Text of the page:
Federal CIO Kundra sees cloud computing as a cheaper alternative to existing IT, and a new report supports that, but detailed examples are still lacking, argues our columnist.
In a speech this week titled "The Economic Gains of Cloud Computing," federal CIO Vivek Kundra reiterated his contention that the U.S. government can get technology faster and at lower cost through cloud computing. Kundra's presentation coincided with the release of a report from the Brookings Institution which found that federal agencies can save 25% to 50% of IT costs by moving to the cloud, and, based on that assessment, that there's a "strong argument" for doing so.
My take: Not so fast. Some of the case studies being used to demonstrate the cost advantages of cloud computing are outdated, incomplete, or otherwise off the mark. Public sector CIOs (and their private sector counterparts) must do their own business-case analyses to determine where cloud services are in fact a cheaper alternative to do-it-yourself IT.
This question of cost savings is critical to government adoption of the cloud model. In a new, as-yet-unreleased survey of federal IT pros by InformationWeek Government, the No. 1 driver of cloud adoption, by a wide margin, is the expectation that cloud computing will lower the ongoing costs of IT operations.
Agency CIOs certainly want cloud computing to be cheaper. The federal IT budget for fiscal 2011 is essentially flat ($79 billion requested in FY11 compared to $81 billion enacted in FY10), which means they will need to lower costs in some areas to invest in others. Cloud computing is seen as a potential way of doing that.
In Brooking Institution's just-released "Saving Money Through Cloud Computing" report, author Darrell West pulls information from a variety of sources that reveal major cost savings in a handful of examples: 24% when the city of Los Angeles moved from Novell's GroupWise applications to Google's cloud apps; 40% when Carlsbad, Calif., chose Microsoft Exchange Online over GroupWise; and 75% when Miami, Fl., tapped Microsoft's Azure cloud for the city's 311 service.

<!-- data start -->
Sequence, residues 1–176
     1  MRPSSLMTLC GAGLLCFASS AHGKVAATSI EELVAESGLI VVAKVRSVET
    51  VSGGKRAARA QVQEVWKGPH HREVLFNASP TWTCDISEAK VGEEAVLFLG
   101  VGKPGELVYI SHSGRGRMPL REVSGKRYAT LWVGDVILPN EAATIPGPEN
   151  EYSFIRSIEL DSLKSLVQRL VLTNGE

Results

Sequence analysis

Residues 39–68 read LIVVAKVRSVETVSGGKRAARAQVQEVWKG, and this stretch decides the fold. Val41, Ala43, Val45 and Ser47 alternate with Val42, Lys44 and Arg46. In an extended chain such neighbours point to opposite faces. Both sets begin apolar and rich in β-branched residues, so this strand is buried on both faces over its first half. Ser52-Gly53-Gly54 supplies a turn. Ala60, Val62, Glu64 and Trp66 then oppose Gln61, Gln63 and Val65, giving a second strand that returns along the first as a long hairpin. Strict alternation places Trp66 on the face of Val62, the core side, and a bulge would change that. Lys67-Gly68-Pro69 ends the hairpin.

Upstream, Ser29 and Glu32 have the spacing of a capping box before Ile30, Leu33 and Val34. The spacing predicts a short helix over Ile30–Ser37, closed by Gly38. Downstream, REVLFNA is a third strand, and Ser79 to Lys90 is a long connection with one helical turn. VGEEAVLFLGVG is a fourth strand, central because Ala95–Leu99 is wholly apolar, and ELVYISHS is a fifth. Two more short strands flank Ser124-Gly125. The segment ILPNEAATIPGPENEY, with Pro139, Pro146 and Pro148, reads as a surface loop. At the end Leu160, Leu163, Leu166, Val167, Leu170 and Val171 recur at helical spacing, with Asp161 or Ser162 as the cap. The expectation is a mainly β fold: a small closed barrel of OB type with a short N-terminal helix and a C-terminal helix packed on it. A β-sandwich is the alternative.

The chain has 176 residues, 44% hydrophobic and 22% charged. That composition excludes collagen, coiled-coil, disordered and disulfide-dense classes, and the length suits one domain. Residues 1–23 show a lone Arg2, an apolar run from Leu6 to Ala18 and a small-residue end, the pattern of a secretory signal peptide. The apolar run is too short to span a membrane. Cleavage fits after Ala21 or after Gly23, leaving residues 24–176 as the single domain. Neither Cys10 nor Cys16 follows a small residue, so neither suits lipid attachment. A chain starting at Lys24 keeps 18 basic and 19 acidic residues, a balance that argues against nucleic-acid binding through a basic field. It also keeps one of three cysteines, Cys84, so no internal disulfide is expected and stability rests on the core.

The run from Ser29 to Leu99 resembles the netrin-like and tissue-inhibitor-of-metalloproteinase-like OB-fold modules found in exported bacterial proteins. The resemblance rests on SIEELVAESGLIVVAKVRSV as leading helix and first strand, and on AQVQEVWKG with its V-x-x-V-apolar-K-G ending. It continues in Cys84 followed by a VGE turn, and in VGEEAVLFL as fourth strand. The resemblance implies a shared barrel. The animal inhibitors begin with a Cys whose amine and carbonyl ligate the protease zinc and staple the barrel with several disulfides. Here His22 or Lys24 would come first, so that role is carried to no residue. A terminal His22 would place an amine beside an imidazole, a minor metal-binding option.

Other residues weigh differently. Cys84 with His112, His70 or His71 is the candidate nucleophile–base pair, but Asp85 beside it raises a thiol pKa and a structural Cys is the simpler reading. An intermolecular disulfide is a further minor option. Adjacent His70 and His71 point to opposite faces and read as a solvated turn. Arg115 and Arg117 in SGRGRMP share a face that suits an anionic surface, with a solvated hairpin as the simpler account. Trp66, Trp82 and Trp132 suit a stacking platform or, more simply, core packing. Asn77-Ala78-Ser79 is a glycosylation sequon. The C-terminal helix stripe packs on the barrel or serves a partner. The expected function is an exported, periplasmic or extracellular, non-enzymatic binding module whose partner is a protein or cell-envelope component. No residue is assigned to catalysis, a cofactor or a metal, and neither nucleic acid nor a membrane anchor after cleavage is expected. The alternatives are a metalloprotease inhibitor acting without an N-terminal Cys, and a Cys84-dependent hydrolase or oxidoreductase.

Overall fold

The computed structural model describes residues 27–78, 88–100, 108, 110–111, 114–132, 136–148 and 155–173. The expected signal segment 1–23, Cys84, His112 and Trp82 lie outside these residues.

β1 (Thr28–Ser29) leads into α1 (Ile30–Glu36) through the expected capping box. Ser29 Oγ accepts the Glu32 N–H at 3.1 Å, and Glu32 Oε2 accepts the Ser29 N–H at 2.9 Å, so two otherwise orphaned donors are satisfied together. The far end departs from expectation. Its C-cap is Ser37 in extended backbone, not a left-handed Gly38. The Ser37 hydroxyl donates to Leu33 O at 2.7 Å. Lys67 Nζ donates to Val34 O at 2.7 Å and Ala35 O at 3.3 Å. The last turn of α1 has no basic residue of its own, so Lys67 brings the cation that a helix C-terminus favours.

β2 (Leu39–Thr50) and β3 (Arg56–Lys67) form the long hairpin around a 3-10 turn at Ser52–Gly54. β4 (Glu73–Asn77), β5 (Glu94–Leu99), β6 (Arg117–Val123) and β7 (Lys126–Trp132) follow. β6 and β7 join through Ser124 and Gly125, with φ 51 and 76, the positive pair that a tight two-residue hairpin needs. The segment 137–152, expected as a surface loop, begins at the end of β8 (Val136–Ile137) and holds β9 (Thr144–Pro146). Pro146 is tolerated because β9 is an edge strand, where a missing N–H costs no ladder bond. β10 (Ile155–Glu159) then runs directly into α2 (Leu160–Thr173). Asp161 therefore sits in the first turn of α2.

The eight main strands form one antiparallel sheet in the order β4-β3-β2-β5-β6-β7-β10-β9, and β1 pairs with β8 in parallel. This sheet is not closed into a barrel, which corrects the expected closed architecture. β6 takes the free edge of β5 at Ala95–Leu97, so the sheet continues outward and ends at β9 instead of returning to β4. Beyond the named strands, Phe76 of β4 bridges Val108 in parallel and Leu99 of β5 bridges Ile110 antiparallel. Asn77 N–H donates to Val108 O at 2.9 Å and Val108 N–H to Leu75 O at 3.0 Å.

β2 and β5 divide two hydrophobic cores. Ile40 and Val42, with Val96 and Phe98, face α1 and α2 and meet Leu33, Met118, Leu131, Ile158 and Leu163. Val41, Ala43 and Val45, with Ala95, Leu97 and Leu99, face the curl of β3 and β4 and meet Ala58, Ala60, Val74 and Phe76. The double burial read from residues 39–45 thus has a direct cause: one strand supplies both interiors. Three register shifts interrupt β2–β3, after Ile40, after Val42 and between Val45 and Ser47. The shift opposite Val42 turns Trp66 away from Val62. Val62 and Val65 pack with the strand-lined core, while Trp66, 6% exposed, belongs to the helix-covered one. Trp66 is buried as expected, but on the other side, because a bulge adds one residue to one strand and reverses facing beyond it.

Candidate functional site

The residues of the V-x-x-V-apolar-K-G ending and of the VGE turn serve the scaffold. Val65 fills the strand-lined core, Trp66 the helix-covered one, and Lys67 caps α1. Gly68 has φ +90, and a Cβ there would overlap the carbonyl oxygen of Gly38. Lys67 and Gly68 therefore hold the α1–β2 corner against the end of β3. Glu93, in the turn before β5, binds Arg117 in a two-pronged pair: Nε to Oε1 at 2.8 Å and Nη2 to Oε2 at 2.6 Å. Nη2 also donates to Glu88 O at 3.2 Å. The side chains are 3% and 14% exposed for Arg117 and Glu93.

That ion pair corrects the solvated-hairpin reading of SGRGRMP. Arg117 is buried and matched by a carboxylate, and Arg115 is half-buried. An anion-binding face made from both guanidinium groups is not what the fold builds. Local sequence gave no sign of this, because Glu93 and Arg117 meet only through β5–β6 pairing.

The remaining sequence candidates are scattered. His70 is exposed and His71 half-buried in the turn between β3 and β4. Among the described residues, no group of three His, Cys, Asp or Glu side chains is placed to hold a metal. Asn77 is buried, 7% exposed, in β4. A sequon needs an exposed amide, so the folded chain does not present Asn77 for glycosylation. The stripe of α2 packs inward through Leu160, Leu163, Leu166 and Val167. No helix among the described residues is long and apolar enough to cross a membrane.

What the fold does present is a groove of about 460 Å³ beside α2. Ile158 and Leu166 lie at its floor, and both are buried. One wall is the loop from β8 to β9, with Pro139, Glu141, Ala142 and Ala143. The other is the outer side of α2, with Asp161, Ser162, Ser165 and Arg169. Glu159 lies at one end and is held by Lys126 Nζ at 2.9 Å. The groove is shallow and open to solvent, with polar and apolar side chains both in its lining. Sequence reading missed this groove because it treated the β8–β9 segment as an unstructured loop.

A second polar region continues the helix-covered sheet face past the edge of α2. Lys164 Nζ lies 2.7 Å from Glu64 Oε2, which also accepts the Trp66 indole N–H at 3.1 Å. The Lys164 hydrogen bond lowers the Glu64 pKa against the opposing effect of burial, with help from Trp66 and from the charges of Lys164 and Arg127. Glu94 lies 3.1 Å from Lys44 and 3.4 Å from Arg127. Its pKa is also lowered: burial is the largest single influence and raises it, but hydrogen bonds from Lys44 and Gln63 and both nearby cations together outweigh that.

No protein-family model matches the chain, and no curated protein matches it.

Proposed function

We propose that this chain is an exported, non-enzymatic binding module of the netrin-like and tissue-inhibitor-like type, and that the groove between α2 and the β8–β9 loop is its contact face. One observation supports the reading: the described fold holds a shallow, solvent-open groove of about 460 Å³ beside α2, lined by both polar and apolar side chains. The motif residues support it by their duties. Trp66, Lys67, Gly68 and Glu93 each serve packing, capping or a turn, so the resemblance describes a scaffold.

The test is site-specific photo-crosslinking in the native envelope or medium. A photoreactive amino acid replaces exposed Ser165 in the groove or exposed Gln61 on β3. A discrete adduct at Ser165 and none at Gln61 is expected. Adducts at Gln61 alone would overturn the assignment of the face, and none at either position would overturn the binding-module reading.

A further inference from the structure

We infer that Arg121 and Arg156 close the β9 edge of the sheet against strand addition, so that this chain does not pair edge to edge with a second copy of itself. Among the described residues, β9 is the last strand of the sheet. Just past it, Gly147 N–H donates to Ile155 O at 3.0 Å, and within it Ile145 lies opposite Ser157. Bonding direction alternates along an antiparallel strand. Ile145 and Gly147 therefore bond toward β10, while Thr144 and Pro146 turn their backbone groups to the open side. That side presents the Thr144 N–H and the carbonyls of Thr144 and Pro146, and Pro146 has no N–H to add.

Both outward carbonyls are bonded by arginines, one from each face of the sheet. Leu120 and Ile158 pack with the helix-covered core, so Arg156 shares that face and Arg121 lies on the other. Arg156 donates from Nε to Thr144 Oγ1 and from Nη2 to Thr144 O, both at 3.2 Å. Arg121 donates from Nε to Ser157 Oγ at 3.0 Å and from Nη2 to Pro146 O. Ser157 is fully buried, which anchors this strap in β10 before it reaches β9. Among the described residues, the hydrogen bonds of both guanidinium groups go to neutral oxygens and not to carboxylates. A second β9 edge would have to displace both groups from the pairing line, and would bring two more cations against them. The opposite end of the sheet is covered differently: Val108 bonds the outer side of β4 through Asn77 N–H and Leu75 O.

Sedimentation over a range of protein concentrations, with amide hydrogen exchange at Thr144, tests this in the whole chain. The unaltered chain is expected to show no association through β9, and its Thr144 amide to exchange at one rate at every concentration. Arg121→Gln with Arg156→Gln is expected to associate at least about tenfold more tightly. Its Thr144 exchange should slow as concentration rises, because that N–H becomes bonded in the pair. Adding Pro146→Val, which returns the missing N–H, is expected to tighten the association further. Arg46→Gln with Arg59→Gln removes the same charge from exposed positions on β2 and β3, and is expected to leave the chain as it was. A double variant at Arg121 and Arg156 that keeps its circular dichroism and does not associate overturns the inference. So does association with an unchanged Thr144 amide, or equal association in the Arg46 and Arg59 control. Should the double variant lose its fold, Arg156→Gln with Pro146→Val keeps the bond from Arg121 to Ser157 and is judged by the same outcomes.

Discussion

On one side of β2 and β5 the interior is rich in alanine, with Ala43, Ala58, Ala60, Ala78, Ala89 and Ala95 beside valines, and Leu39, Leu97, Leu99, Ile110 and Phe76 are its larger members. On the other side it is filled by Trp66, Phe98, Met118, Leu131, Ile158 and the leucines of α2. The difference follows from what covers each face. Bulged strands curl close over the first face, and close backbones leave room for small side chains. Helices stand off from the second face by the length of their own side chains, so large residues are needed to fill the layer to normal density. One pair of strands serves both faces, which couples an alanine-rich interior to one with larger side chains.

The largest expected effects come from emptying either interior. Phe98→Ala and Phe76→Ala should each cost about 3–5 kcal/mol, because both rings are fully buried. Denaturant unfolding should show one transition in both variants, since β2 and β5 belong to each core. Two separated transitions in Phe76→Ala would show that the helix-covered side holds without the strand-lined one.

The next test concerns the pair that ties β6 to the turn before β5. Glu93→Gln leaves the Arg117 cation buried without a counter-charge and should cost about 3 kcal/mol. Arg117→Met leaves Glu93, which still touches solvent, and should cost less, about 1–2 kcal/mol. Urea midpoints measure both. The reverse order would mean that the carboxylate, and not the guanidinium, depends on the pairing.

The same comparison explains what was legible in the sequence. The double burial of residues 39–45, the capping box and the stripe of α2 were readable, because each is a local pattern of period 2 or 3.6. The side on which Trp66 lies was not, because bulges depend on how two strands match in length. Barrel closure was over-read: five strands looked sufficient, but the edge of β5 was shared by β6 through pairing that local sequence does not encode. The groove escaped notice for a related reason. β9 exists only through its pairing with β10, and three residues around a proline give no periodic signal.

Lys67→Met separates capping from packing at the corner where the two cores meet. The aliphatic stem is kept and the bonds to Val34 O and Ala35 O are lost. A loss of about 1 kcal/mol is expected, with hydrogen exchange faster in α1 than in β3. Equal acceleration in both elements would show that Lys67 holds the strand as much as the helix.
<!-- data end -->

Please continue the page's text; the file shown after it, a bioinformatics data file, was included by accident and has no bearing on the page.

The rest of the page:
Sounds impressive, but details on just how those saving are realized are fuzzy. In the LA example, West writes that the city -- had it continued to manage its own e-mail system -- would have spent $15,459,438 on "GroupWise e-mail licenses, upgrades, system applications, 90 file servers, and 13 staff positions," plus $7,536,804 on Microsoft Office licenses. But what's the split between software, hardware, and personnel costs in that $15 million? Was GroupWise at list price or a negotiated license fee? What are the unnamed "system applications," and how much do they cost?
Likewise, in the city of Miami example, where savings of 75% are attributed, vaguely, to "hardware, software, and staff efficiencies" in moving to Microsoft's Azure cloud services. That case study, by the way, came via Microsoft, not an independent observer.
NASA's Nebula cloud environment also serves as a point of reference in the Brookings Institution report, but with this caveat: "Specific cost savings are hard to compute because the project did not exist prior to Nebula." Taken together, these ambiguities provide a shaky foundation for Brookings' ballpark estimate of 25% to 50% savings in the cloud.
In his April 7 speech, Federal CIO Kundra said "many organizations" in the private sector are realizing "tremendous savings" through cloud computing. Yet, Kundra offered only one specific example -- the Department of Interior saving 66% by moving 80,000 e-mail accounts to the cloud -- and that, too, was lacking in the details needed to understand how such savings are derived.
Kundra and West are almost certainly right about their two main points: that cloud computing can lower IT costs and that government agencies should begin moving in this direction. But their evidence is unconvincing, highlighting a need for more detailed TCO and ROI studies.
Federal IT pros must stay open to the possibility that cloud computing won't always be the best answer. West points to a Booz Allen Hamilton report which found that many government data centers average only 12% utilization of their storage systems, and he suggests that cloud computing may be a route to better performance. Maybe so, but there are other, potentially cheaper, ways to improve storage utilization -- virtualization, thin provisioning, data de-duplication -- without having to re-architect the data center as a storage cloud or move to a public cloud service.
How do government agencies make the right decisions on which way to go? InformationWeek Government will soon launch a series of reports and Webcasts designed to help with the assessment of cloud computing. Part one of our series, a report on "The Business Case for Government Clouds," will be published early next month.
Meantime, look beyond the easy claims of cloud savings for hard evidence. If you've done your own cost comparisons, drop me a note at firstname.lastname@example.org. We could all use the reality check.
John Foley is editor of InformationWeek Government and his Government Technologist column is a regular feature.
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